HEADLINE SUMMARY


The case of Planon Ltd v Gilligan [2022] EWCA Civ 642 highlights the importance of acting swiftly when seeking to enforce restrictive covenants. In this case, the Court of Appeal refused to grant an injunction to enforce a 12-month non-compete clause that had only four months left to run at the time of the appeal hearing.

BACKGROUND FACTS

In February 2015, Mr Gilligan commenced employment with Planon Ltd (Planon), a company which specialises in the development and sale of facilities management software. Mr Gilligan's employment contract contained a post-termination restriction that prevented him from working for any competitors of Planon for a period of 12 months.

Mr Gilligan handed in his resignation notice in July 2021 and his employment with Planon came to an end on 23 August 2021. On 2 September 2021, Mr Gilligan began working for a competitor, ServiceNow, as a Senior Solutions Sales Manager.

On 20 September 2021, Planon's solicitors sent a letter of claim to Mr Gilligan seeking undertakings. Following the exchange of correspondence, Planon was not satisfied with the undertakings offered by Mr Gilligan and on 21 October 2021 Planon issued a Claim Form followed by an application for interim injunctive relief on 22 October 2021. The application was heard on 5 November 2021 and the Judge refused to grant an injunction. 

DECISION

Planon appealed and the Court of Appeal held that, although the Judge had erred in the way in which he had approached the enforceability of the restriction, the Judge's decision not to grant the interim injunction should be upheld.

This case is interesting as the Court of Appeal has upheld the first instance Judge's decision, despite disagreeing with the way in which the Judge reached that decision. The principal factor taken into account by the first instance Judge against the grant of an injunction was that if the non-compete covenant was enforced, Mr Gilligan would not be able to work for the period of the restraint. The Court of Appeal held there was no authority for this approach and the Judge should have instead considered whether the covenant goes no further than reasonably necessary to protect Planon's legitimate business interests.

The Court of Appeal also gave short thrift to the commonly argued point that an interim injunction should be awarded, as damages would be an adequate remedy for the employee because the employer is in a position to compensate loss of remuneration under the cross-undertaking in damages in the event the interim injunction is found at trial to have been wrongfully awarded.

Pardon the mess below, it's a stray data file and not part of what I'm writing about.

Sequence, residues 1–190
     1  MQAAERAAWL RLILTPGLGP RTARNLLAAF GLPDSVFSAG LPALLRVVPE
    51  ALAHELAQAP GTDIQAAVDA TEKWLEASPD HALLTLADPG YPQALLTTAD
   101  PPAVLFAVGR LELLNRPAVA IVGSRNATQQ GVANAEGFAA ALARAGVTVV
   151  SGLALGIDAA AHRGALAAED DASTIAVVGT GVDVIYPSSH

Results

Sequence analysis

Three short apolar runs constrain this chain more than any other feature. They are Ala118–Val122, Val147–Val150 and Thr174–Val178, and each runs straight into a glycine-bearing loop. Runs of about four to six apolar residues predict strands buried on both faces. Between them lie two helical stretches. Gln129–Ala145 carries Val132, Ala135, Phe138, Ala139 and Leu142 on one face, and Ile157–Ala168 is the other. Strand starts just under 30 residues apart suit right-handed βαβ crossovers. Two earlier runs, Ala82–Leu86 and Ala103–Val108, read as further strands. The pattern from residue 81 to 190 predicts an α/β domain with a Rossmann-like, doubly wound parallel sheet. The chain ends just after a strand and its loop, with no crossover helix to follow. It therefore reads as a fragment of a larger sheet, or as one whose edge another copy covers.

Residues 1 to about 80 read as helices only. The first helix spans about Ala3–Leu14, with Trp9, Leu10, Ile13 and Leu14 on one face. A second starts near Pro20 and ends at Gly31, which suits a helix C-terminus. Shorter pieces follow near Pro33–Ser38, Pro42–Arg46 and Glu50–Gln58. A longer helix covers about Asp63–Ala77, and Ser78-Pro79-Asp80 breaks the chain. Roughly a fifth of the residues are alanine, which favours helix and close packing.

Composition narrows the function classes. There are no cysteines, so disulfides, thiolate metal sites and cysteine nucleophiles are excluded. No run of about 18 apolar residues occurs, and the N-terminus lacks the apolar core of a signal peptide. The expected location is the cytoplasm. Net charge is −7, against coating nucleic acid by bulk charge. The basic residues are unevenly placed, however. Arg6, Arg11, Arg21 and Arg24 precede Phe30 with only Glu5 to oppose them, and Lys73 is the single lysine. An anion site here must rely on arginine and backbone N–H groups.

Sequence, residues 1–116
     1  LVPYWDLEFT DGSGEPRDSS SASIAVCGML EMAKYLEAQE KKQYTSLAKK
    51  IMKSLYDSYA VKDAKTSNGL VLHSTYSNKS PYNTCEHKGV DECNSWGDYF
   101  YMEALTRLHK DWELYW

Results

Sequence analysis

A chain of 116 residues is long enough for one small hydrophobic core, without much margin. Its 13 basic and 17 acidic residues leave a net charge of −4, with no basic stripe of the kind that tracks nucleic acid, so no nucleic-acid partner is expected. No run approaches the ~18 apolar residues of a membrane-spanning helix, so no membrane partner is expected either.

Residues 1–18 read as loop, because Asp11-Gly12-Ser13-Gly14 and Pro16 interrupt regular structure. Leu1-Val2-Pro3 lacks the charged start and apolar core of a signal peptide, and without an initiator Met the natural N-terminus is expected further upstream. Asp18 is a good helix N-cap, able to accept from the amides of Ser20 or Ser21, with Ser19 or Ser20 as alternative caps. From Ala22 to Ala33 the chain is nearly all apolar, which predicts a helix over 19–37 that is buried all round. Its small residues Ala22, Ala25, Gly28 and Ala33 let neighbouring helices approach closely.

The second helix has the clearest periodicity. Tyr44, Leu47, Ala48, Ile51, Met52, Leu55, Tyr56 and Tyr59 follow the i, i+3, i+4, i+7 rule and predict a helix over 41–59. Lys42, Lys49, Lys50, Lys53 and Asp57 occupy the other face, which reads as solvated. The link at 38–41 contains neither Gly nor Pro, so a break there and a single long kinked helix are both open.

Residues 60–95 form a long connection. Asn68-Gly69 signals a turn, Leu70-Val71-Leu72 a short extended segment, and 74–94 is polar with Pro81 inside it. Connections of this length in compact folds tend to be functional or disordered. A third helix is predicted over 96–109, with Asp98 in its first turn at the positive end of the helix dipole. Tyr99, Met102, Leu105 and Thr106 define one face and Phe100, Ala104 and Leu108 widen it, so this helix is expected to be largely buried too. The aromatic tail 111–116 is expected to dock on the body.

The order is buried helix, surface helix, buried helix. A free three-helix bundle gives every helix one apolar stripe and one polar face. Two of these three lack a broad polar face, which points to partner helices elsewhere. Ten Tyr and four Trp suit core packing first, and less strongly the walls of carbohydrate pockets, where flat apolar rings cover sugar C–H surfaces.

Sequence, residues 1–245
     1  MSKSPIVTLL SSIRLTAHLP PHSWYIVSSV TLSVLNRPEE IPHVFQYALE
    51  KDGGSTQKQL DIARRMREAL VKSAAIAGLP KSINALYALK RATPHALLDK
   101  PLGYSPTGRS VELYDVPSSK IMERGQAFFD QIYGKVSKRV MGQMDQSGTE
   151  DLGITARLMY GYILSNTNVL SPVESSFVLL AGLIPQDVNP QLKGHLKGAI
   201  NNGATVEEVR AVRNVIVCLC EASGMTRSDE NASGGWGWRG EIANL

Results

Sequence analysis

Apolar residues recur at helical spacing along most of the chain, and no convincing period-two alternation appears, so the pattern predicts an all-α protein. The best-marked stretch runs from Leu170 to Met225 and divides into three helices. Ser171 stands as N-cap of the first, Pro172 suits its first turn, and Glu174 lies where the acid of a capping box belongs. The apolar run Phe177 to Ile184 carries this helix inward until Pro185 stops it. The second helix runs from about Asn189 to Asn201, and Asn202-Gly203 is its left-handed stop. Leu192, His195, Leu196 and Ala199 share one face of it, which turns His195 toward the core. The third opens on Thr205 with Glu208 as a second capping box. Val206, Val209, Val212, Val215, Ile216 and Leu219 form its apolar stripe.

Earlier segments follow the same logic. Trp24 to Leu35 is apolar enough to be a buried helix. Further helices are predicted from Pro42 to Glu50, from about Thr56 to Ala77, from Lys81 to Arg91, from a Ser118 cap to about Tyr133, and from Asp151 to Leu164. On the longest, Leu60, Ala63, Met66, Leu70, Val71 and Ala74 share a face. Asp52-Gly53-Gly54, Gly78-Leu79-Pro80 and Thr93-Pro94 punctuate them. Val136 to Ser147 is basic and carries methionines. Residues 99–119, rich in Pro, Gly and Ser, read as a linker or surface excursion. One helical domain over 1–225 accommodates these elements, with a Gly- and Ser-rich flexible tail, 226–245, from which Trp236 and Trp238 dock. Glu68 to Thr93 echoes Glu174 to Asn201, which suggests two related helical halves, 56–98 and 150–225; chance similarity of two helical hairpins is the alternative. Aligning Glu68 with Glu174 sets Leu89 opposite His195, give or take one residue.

Finally, the Court of Appeal held that it would be contrary to the balance of convenience to grant the injunction in any event, given that it only had four months left to run and that most of the damage caused to Planon as a result of Mr Gilligan's employment with SeviceNow had already been caused.

PRACTICAL IMPLICATIONS

In light of the Court of Appeal's comments regarding damages not necessarily being an adequate remedy for employees, employers should address this issue in pre-action correspondence with a former employee before injunctive relief is sought. It may well be the case that the new employer has agreed to pay the former employee until the restriction has expired.

In addition, the Court of Appeal's comments regarding delay are likely to have the most significant practical impact on claims involving the breach of restrictive covenants. In this case, it does seem unfair to Planon that there were only four months left to run on the restriction by the time of the Court of Appeal hearing. That said, this case demonstrates the need for employers to act expeditiously as soon as they become aware that an employee has joined a competitor in breach of restrictive covenants. Action needs to be taken in days, not weeks, in order to avoid an argument that the damage has been done and so the status quo permits the employee to continue in their new employment. This does not negate the need for pre-action correspondence, but employers should be ready (including having already obtained any necessary Board approvals and having appropriate funds in place) to push the button and issue a claim in the event a satisfactory response is not received from the former employee.

Addleshaw Goddard is recognised as the market-leading Business Protection Practice. Our team’s work focuses on advising organisations on team moves and helping employers to manage the risks stemming from employees, directors, shareholders and third parties who pose a threat to their legitimate interests, by taking action to enforce the employer’s rights and protect confidential information ranging from securing undertakings or obtaining injunctive relief, to pursuing claims for damages/loss of profits.

For further information about our Business Protection Practice please contact our team:

Key Contacts

Nick Ashcroft

Nick Ashcroft

Partner, Dispute Resolution
United Kingdom

View profile
Hannah O'Donovan

Hannah Nelson

Managing Associate, Commercial Litigation
Manchester, UK

View profile
Will Smith

Will Smith

Associate, Intellectual Property Disputes
Manchester, UK

View profile